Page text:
A blog about the characteristics that make great product teams.

Although the results of a product team’s effort are typically greater than the sum of its parts, designing teams to be effective for a particular task requires more than just throwing people with entrepreneurial experience together.

In other words, assembling a team does not guarantee success. The way that a team behaves when it is working toward achieving a goal can be unpacked into six categories that are leading indicators of team success within product teams.

For a product team to be successful, it must exhibit 6 behaviours.

Data Focused

A data-driven approach to product development is now the norm. Teams no longer have the luxury of developing a product backlog with just their intuition and experience. The insights from data inform their priorities and strategy.

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Experiment Focused

Teams are willing to experiment, rather than merely striving to meet deadlines. They set up experiments to find out how viable their assumptions are. They might focus on trying out one plan at a time, as they build up a body of experimental results.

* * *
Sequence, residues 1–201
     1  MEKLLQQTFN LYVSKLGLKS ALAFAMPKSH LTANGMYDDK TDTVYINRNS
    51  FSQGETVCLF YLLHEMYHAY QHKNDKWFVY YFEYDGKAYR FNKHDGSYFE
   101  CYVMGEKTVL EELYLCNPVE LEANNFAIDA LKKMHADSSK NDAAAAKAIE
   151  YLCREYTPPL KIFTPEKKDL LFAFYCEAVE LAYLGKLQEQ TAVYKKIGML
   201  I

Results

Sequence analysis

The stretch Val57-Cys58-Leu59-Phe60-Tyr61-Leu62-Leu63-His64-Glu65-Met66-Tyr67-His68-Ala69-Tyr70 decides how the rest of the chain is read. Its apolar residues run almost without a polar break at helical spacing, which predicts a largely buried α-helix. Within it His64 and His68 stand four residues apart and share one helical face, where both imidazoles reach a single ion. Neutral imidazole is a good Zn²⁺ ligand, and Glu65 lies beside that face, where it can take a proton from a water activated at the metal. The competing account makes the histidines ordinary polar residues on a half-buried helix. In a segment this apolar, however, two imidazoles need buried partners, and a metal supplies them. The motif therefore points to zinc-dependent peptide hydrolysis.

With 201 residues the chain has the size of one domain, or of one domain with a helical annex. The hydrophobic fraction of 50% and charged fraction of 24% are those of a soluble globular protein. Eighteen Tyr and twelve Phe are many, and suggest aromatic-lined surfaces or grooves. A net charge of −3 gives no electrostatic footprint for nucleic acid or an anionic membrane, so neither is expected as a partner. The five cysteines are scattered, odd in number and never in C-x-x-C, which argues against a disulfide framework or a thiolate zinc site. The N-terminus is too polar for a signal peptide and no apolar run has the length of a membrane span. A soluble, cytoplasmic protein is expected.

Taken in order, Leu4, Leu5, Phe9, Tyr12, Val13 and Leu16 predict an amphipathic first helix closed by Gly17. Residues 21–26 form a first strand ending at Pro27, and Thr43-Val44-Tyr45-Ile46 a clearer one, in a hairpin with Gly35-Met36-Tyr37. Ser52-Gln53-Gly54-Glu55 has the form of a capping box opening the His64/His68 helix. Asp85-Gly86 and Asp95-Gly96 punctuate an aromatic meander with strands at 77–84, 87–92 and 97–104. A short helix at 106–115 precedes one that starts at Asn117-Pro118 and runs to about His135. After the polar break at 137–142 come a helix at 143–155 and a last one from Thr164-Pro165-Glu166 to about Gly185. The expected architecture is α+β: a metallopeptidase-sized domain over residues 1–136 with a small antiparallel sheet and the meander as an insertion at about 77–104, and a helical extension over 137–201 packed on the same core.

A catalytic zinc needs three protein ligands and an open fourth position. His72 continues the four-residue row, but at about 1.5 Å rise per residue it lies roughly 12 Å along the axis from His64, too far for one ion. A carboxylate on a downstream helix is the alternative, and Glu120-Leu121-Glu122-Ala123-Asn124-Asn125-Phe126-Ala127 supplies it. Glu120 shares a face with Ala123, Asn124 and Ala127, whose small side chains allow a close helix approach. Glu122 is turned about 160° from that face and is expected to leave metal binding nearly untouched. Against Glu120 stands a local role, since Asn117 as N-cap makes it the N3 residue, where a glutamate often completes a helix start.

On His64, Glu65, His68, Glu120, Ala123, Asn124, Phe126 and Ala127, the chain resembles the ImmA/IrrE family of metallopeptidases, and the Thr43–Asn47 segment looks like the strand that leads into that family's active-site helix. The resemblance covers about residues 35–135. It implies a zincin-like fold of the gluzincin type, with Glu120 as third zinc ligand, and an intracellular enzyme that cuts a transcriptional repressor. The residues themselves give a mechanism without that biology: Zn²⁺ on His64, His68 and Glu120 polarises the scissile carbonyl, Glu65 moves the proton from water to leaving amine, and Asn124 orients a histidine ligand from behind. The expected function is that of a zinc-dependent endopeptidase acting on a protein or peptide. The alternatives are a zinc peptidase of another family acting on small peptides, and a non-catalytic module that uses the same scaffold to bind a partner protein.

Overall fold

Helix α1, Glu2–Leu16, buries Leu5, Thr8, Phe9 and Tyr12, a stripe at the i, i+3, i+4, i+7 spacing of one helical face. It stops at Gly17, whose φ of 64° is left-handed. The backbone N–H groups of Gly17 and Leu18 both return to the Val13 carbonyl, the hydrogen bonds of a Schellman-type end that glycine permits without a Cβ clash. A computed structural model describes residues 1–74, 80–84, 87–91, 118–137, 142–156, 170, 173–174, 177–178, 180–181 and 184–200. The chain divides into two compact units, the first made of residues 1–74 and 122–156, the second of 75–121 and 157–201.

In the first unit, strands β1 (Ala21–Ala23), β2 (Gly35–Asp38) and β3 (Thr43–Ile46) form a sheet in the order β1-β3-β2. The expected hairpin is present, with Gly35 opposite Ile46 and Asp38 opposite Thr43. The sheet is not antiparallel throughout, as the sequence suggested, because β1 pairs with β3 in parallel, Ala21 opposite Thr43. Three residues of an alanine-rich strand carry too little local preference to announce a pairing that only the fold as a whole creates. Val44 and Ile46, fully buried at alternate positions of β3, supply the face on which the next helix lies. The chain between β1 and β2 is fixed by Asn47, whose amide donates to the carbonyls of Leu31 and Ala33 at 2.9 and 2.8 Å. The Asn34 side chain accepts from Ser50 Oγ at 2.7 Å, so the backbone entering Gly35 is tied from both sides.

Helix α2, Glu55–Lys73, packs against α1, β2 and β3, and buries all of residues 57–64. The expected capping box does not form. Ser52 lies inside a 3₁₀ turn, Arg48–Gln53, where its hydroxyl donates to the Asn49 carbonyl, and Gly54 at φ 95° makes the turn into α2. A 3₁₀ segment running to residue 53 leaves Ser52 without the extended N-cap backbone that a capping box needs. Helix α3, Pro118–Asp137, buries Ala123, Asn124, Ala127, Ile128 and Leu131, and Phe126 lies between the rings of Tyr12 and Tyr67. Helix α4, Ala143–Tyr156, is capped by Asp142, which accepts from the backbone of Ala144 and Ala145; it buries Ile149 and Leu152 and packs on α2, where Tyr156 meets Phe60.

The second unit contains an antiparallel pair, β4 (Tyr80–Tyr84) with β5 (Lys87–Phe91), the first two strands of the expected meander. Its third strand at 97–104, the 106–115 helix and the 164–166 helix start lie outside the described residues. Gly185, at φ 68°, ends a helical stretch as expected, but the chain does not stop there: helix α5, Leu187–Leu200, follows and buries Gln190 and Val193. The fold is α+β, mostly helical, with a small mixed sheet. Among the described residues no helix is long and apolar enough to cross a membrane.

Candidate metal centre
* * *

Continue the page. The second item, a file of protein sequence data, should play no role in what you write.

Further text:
Customer Focused

In today’s business environment, teams need to understand the “why” behind their projects in order to create new sources of revenue. To do this, they must be constantly connected to their customers and use that insight to inform both the customer experience and product innovation.

Entrepreneurial Focused

When working as part of a team, take action quickly, validate assumptions, and maintain momentum toward the outcome.

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Iterative Focused

An iterative approach is used to solve problems by repeating a cycle of operations. This process involves trial and error as team members adjust their methods each iteration to arrive at the desired outcome.

Questions Focused

Teams must be willing to challenge the status quo and business as usual, always evaluating a new model that will produce better results than sticking to old, stale methods.


The behaviour of product teams is something that differs from company to company and project to project. Whether you’re a designer, developer, product manager or CEO, it’s important to know what works and what doesn’t. This way, you are able to help your team avoid common pitfalls and maintain positive relationships at work.

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